Does Counsel’s Coverage Denial Letter to Insured Waive Privilege for Underlying Coverage Opinion?

The West Virginia Supreme Court of Appeals confronted an interesting issue—whether an insurer’s lawyer waives the attorney–client privilege for his coverage opinion by sending a coverage denial letter directly to the insured.  The Court answered with an emphatic “No.”  Montpelier U.S. Ins. Co. v. Bloom, 757 S.E.2d 788 (W. Va. 2014).  You may read the decision here.

A property owner sued B&B Transit alleging that it caused a landslide that damaged their property.  B&B notified its insurer of the claim, and the insurer retained coverage counsel to determine whether the policy provided coverage for the landslide allegations.

Coverage counsel then prepared a coverage opinion letter to the insurer.  Counsel later explained, in writing, the coverage decision to the insured without enclosing the coverage opinion.  Counsel stated—using coverage lingo—that the policy had a subsidence exclusion that did not cover property damage “arising out of or aggravated by the subsidence of land as a result of a landslide.”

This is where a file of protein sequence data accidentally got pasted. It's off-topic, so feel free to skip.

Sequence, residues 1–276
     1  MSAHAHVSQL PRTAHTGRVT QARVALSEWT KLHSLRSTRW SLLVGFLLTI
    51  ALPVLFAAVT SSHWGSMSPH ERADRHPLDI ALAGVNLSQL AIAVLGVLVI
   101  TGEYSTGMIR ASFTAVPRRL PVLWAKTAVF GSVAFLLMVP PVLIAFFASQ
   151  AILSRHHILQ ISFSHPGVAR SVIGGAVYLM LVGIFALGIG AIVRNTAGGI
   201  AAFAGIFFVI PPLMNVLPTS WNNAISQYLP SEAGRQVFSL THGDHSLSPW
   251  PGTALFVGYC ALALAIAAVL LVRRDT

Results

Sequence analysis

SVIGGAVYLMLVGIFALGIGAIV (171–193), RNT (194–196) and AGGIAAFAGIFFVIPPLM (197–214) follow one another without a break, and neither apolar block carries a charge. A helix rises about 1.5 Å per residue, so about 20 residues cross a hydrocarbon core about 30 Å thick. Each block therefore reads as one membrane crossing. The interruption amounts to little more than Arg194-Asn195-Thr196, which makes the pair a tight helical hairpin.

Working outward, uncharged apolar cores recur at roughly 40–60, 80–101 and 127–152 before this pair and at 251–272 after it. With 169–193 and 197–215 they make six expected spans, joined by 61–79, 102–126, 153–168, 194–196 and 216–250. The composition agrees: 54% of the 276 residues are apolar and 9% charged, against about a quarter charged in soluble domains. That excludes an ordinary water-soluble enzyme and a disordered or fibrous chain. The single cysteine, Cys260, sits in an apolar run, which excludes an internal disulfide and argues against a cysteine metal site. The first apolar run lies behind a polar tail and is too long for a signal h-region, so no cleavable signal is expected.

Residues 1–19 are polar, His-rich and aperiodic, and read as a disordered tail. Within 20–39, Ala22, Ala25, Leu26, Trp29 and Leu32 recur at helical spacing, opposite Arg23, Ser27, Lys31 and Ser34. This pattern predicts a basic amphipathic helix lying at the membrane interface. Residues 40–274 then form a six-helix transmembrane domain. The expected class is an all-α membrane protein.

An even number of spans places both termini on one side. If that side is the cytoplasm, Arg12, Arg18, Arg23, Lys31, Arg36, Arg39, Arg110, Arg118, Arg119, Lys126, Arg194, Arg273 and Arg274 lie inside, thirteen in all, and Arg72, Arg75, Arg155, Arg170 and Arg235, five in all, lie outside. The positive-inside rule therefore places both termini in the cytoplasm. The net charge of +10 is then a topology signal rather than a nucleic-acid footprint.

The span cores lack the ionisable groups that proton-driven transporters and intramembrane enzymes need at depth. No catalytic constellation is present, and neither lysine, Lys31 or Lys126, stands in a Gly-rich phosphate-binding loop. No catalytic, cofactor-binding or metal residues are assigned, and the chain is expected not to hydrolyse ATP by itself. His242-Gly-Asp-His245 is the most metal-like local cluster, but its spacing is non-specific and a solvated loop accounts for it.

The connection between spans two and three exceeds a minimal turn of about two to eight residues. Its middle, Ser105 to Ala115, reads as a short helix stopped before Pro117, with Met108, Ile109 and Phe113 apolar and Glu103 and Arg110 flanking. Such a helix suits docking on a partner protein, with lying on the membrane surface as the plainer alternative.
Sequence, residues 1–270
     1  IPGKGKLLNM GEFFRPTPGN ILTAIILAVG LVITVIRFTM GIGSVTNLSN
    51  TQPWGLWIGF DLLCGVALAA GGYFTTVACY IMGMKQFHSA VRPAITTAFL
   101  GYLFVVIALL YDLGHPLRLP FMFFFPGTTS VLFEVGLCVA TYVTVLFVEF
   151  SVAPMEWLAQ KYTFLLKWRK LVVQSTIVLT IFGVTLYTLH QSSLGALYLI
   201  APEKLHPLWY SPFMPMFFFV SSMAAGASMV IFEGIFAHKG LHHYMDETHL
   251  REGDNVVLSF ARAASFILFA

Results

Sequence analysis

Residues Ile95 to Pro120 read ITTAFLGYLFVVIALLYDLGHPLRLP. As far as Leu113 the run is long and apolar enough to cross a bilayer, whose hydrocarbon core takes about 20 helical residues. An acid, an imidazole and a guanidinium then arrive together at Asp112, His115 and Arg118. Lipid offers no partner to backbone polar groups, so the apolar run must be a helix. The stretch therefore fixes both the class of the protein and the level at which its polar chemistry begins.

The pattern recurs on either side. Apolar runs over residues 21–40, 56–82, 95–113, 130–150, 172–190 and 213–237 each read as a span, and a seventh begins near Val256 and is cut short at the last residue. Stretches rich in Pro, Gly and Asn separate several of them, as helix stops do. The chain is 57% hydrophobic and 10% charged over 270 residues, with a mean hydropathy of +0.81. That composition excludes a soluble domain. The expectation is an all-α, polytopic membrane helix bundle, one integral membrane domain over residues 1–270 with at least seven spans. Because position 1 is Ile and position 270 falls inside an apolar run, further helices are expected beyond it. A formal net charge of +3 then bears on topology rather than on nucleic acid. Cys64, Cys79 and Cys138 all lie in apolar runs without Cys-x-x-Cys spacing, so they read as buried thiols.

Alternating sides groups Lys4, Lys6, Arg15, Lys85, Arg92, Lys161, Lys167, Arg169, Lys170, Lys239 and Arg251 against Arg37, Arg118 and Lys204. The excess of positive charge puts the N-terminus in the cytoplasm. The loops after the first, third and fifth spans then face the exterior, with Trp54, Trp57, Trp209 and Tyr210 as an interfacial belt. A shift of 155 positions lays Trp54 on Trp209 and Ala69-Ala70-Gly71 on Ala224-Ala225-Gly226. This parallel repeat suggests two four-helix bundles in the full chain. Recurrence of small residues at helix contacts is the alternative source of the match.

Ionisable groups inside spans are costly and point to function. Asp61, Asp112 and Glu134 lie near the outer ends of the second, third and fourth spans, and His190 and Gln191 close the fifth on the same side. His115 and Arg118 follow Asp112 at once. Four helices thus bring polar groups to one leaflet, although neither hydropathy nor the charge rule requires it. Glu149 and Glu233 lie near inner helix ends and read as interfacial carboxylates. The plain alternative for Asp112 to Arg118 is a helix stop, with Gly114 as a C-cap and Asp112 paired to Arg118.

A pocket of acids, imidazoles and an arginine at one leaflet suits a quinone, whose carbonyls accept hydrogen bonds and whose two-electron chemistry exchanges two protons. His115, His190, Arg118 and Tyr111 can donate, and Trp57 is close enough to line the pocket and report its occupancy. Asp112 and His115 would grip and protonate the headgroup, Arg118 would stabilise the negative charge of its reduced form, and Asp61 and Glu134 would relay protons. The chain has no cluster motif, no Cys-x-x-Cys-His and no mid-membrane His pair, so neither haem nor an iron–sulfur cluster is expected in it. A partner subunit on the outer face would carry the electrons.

In a subsequent bad-faith claim, B&B sought disclosure of counsel’s coverage opinion, arguing that counsel’s letter explaining the coverage decision resulted in waiver of the attorney–clieWVA Courtnt privilege for the coverage opinion.

The W. Va. Supreme Court found this argument “novel,” noting that B&B did not cite to, “nor have we found, any case in the country that has held that the attorney–client privilege does not apply to a coverage opinion letter when an insurer communicates the gist of the recommendation contained in the letter to the insured.”

The Court analogized this novel issue to cases where insureds sought coverage opinion letters as part of the insurer’s claims file.  And it distinguished cases where an attorney acted as a claims adjustor on the initial claim determination.

The Court concluded that the attorney–client privilege protects from disclosure coverage counsel’s coverage opinion letter and that counsel’s communication of the coverage decision to the insured does not constitute privilege waiver.  Insurance coverage counsel facing this type of discovery dispute now have support from the West Virginia Supreme Court.